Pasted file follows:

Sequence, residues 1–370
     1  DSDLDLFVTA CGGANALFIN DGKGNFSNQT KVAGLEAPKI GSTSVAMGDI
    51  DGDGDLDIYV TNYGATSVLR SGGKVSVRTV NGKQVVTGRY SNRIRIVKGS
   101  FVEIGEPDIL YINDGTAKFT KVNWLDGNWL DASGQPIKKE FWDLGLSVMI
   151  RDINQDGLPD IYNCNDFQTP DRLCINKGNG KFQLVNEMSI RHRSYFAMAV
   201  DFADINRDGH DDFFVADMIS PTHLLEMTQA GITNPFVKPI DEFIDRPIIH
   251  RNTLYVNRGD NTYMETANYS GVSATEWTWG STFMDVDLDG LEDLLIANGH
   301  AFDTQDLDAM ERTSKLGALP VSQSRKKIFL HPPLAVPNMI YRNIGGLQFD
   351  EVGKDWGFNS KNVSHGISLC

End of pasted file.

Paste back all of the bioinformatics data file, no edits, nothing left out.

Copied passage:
Sequence, residues 1–370
     1  DSDLDLFVTA CGGANALFIN DGKGNFSNQT KVAGLEAPKI GSTSVAMGDI
    51  DGDGDLDIYV TNYGATSVLR SGGKVSVRTV NGKQVVTGRY SNRIRIVKGS
   101  FVEIGEPDIL YINDGTAKFT KVNWLDGNWL DASGQPIKKE FWDLGLSVMI
   151  RDINQDGLPD IYNCNDFQTP DRLCINKGNG KFQLVNEMSI RHRSYFAMAV
   201  DFADINRDGH DDFFVADMIS PTHLLEMTQA GITNPFVKPI DEFIDRPIIH
   251  RNTLYVNRGD NTYMETANYS GVSATEWTWG STFMDVDLDG LEDLLIANGH
   301  AFDTQDLDAM ERTSKLGALP VSQSRKKIFL HPPLAVPNMI YRNIGGLQFD
   351  EVGKDWGFNS KNVSHGISLC